Date: 2023
    URL: http://d.repec.org/n?u=RePEc:fpr:prnote:may2023&r=agr
  2. By: Oleg Nivievskyi; Pavlo Martyshev; Sergiy Kvasha
    Abstract: Building upon the theory and methodology of agricultural policy developed in the previous chapter, in Chapter 2 we analyse and assess agricultural policy making in Ukraine since the breakup of Soviet Union till today. Going from top down to the bottom, we begin by describing the evolution of state policy in the agri-food sector. In the beginning, we describe the major milestones of agricultural policy making since independence, paving the way to the political economy of the modern agricultural policy in Ukraine. Then we describe the role of agri-food sector in the national economy as well as globally in ensuring food security in the world. After, we dig deeper and focus on a detailed performance of agricultural sector by looking at farm structures, their land use, overall and sector-wise untapped productivity potential. Modern agricultural policy and institutional set-up is contained and analyzed in details in the section 2.4. A review of the agricultural up- and downstream sectors wraps up this chapter
    Date: 2023–04
    URL: http://d.repec.org/n?u=RePEc:arx:papers:2305.01478&r=agr
  3. By: S. Madhumitha (Madras School of Economics, Chennai, India); Anubhab Pattanayak ((Corresponding author), Madras School of Economics, Chennai, India); K.S. Kavi Kumar (Madras School of Economics, Chennai, India)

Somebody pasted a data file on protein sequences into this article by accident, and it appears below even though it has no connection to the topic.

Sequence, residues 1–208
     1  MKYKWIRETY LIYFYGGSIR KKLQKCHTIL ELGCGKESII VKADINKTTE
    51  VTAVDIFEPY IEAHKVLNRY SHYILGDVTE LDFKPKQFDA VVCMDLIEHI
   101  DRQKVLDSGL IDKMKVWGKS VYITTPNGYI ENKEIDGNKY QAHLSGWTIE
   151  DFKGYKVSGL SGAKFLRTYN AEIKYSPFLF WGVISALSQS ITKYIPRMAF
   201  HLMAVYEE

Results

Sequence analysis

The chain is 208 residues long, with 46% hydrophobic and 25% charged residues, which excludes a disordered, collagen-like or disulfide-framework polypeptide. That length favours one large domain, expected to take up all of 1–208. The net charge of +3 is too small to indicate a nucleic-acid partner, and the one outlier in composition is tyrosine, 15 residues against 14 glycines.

Abstract: Agricultural intensification and technological specialisation have led to the prevalence of mono-culture in India. Diversity within crop species has been gradually declining since the advent of Green Revolution in the 1960s. With increasingly frequent weather shocks, agricultural systems face the risk of yield and income losses. A quantitative assessment of district level agricultural data for the period 1966-2015 is used to understand whether crop diversification can cushion yield and income losses for farmers during droughts. The results indicate that diversification enhanced resilience during a rainfall deficit period in the Green Revolution period. However, in the post-Green Revolution period, increased specialization mitigated the adverse effects of rainfall deficit. When simultaneous occurrence of rainfall deficit and high temperature is considered as an alternative characterization of drought, crop diversity did not provide any insulation against such weather extremes. In the absence of any weather extremes, monoculture is found to be more lucrative owing to both supply and demand side factors like improved inputs, irrigation and infrastructure facilities, government’s support prices and pattern of consumption demand. Spatial trends in crop diversification also revealed some anomalies to these general results since some states in the country have unique cropping patterns.
    Keywords: Crop diversity; Drought; Indian agriculture; Green Revolution
    JEL: Q10 Q15 Q54
    URL: http://d.repec.org/n?u=RePEc:mad:wpaper:2021-206&r=agr
  4. By: Aarti Krishnan; Monica Nganga; Tim Foster
    Abstract: Women play a critical yet under-researched role in global digital agri-food value chains, especially in smallholder production, which affects how they are able to economically upgrade (improve crop yields and product quality, and increase product diversification). Research suggests that women's participation in agricultural platform-driven value chains facilitates the overcoming of barriers such as access to productive resources and engenders upgrading.
    Keywords: Digital platforms, Agriculture, Gender, Upgrading, Value chains
    Date: 2023
    URL: http://d.repec.org/n?u=RePEc:unu:wpaper:wp-2023-63&r=agr
  5. By: Natural Resources Conservation Service